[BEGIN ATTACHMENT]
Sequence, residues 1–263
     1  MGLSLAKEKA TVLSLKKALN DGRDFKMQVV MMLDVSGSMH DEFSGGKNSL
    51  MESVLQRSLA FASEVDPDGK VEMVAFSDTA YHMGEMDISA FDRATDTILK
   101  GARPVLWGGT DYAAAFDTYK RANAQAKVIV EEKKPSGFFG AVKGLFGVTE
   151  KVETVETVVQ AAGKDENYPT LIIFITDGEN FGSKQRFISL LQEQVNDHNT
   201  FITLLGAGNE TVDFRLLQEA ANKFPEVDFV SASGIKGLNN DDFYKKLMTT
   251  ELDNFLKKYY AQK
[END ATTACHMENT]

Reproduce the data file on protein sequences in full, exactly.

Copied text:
Sequence, residues 1–263
     1  MGLSLAKEKA TVLSLKKALN DGRDFKMQVV MMLDVSGSMH DEFSGGKNSL
    51  MESVLQRSLA FASEVDPDGK VEMVAFSDTA YHMGEMDISA FDRATDTILK
   101  GARPVLWGGT DYAAAFDTYK RANAQAKVIV EEKKPSGFFG AVKGLFGVTE
   151  KVETVETVVQ AAGKDENYPT LIIFITDGEN FGSKQRFISL LQEQVNDHNT
   201  FITLLGAGNE TVDFRLLQEA ANKFPEVDFV SASGIKGLNN DDFYKKLMTT
   251  ELDNFLKKYY AQK